War of the Rebellion: Serial 013 Page 0374 THE PENINSULAR CAMPAIGN, VA. Chapter XXIII.

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a momentary confusion in the ranks. Order was, however, soon restored and the regiment again placed in position, which it continued to hold throughout the balance of the day, exposed at times to a heavy fire from the enemy, from which it only retired when the troops occupying the field to the right and left if it had fallen back at the close of the contest, causing its right flank to be exposed to a severe fire of musketry, which killed and wounded a number of men in the companies on the right of the line.

A list of casualties upon this occasion has already been furnished.* Of those then reported as missing several of the soldiers have since joined their companies. Captain Foote, who was reported among the missing, is, upon a report of a sergeant who saw him shot about the time the regiment began to retire from the field, supposed to have been killed.

In the battle of the 2nd of July instant the regiment occupied the extreme left of the line engaged, but was not engaged with the enemy upon that occasion. It lay upon the field of battle until a late hour of the night, and captured a few prisoners, who were sent to division headquarters.

The officers present with the regiment in the battle of the 27th ultimo were Captain T. Hendrickson, commanding the regiment; Lieutenant Sanders, adjutant; Captain R. W. Foote, acting field officer; Captain L. C. Bootes, commanding Company G; Captain B. F. Smith, commanding Company E; Captain John McCleary, commanding Company H; Captain M. Bryant, commanding Company D; First Lieutenant H. A. F. Worth (wounded), commanding Company B; First Lieutenant D. D. Lynn (wounded), commanding Company K; First Lieutenant Joseph B. Rife, commanding Company F; Second Lieutenant Charles M. Pyne, commanding Company I; Second Lieutenant Alexander H. Freeman, Second Lieutenant George T. Hodges, Second Lieutenant Abram W. Bickley, and Second Lieutenant Jeremiah P. Schindel, all of whom acted with great coolness throughout the day.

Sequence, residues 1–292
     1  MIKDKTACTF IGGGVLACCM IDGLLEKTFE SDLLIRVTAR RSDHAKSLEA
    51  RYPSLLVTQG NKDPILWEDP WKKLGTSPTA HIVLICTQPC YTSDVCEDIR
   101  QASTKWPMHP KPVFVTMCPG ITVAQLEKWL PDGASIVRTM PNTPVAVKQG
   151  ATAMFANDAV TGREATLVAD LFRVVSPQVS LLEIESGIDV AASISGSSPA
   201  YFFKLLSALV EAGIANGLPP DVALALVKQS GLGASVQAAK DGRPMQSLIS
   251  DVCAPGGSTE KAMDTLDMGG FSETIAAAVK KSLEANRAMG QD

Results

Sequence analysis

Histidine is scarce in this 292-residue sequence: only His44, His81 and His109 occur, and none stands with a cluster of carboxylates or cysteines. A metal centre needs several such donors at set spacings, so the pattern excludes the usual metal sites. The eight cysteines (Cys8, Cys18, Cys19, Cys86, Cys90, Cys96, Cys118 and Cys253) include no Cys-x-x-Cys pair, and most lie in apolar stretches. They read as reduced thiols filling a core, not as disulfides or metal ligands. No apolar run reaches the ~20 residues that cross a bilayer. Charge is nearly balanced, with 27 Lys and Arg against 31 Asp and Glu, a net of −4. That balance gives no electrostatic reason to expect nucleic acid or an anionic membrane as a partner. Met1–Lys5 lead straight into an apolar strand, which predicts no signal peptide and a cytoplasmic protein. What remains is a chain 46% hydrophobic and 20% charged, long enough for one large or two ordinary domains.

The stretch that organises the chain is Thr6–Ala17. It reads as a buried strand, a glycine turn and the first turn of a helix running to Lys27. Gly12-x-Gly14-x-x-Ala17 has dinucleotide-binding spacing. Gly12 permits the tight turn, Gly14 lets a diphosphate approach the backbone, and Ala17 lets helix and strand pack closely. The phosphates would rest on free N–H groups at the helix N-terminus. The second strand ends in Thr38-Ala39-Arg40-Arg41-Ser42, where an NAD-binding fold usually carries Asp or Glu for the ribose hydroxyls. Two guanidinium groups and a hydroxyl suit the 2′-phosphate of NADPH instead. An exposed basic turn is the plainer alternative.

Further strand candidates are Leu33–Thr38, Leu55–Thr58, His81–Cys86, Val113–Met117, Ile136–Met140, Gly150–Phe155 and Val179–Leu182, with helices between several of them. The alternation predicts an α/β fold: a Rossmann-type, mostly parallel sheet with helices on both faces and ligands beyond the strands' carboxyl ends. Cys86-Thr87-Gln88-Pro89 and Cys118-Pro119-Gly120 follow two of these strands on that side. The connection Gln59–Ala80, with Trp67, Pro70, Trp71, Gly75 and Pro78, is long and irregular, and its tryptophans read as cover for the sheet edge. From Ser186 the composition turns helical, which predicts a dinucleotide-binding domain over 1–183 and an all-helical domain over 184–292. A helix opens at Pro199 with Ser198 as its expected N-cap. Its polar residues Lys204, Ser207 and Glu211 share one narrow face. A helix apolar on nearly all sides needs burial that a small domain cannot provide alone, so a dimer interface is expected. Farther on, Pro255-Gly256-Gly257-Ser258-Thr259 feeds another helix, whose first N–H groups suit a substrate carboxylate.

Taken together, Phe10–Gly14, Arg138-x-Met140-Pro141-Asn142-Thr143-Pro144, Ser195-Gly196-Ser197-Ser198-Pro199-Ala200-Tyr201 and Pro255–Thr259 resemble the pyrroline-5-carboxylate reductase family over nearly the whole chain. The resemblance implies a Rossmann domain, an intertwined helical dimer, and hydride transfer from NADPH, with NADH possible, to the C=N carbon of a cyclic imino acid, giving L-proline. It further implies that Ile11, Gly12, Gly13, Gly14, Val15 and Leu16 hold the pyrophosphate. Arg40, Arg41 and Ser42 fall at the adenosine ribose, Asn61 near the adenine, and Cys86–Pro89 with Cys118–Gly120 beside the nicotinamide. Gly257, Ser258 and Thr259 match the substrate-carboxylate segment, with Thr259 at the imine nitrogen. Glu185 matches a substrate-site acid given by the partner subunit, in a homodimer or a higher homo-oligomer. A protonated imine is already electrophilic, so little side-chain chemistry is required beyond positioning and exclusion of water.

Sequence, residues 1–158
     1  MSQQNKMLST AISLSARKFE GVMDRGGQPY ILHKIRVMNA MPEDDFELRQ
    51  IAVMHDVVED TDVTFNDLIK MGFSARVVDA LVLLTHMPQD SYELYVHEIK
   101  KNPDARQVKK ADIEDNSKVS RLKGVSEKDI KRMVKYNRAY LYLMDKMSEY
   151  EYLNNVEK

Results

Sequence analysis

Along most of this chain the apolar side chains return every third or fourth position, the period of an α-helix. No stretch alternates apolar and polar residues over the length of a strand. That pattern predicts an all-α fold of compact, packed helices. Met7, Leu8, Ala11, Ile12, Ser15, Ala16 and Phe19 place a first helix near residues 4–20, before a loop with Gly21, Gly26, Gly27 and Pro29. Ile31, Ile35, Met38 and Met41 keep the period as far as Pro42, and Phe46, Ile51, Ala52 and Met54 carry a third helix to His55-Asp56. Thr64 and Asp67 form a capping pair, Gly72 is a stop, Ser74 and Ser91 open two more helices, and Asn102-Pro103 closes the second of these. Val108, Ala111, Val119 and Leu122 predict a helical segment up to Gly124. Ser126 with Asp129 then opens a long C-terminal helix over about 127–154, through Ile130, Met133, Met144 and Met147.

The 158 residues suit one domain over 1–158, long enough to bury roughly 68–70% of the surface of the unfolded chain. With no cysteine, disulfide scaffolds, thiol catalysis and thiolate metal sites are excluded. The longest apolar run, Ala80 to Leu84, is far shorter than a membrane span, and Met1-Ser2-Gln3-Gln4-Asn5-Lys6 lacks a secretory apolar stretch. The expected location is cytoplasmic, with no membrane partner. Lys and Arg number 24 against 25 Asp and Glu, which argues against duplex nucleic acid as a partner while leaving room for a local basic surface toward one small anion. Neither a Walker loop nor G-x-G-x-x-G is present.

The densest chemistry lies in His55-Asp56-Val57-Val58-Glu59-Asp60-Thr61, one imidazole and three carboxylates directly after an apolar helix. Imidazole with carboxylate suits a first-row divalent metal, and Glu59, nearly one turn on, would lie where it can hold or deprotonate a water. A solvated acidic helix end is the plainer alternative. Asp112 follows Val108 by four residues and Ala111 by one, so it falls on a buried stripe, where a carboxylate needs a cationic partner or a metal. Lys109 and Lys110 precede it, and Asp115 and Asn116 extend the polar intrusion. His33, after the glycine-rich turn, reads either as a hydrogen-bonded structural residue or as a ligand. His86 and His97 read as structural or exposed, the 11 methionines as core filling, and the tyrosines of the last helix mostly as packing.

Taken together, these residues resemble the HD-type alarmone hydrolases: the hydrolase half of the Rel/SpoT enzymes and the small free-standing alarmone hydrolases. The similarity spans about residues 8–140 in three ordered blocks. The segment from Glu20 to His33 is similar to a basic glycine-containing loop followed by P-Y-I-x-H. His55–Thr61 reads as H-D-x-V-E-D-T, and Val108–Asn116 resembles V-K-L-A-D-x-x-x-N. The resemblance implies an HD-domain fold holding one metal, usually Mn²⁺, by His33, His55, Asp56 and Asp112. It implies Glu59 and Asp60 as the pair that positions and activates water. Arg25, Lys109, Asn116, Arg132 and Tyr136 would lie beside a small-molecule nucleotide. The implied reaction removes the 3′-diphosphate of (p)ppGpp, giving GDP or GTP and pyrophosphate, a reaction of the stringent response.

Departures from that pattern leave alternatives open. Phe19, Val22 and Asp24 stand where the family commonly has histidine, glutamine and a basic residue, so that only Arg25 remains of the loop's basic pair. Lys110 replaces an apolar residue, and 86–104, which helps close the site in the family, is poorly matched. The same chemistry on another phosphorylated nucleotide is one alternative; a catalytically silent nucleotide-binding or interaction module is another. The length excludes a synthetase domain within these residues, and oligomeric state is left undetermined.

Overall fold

The same officers, except Captain Foote and Lieutenant Worth, were with the regiment in the battle of the 2nd instant. Captain Upham was also with his company (I) upon this occasion.

No individual act of bravery on the part of the non-commissioned officers or privates of the regiment calling for special commendation has been brought to my notice except that of Sergt. Major George Anderson, whose conduct for coolness while under fire was quite conspicuous.

I have the honor to be, sir, with much respect, your obedient servant,


Captain, Sixth Infantry, Commanding Regiment.


Hdqrs. Second Brigadier, Sykes' Div., Camp near James River, Va.

Numbers 150. Report of Major De Lancey Floyd-Jones,

Eleventh U. S. Infantry, of the battle of Gaines' Mill, engagement at Turkey Bridge, and battle of Malvern Mill.


Camp near Harrison's Landing, July 5, 1862.

SIR: I have the honor to report the following operations of the Eleventh Infantry since the 26th ultimo:

On the afternoon of that day the regiment moved from its camp a

* See revised statement, p. 40.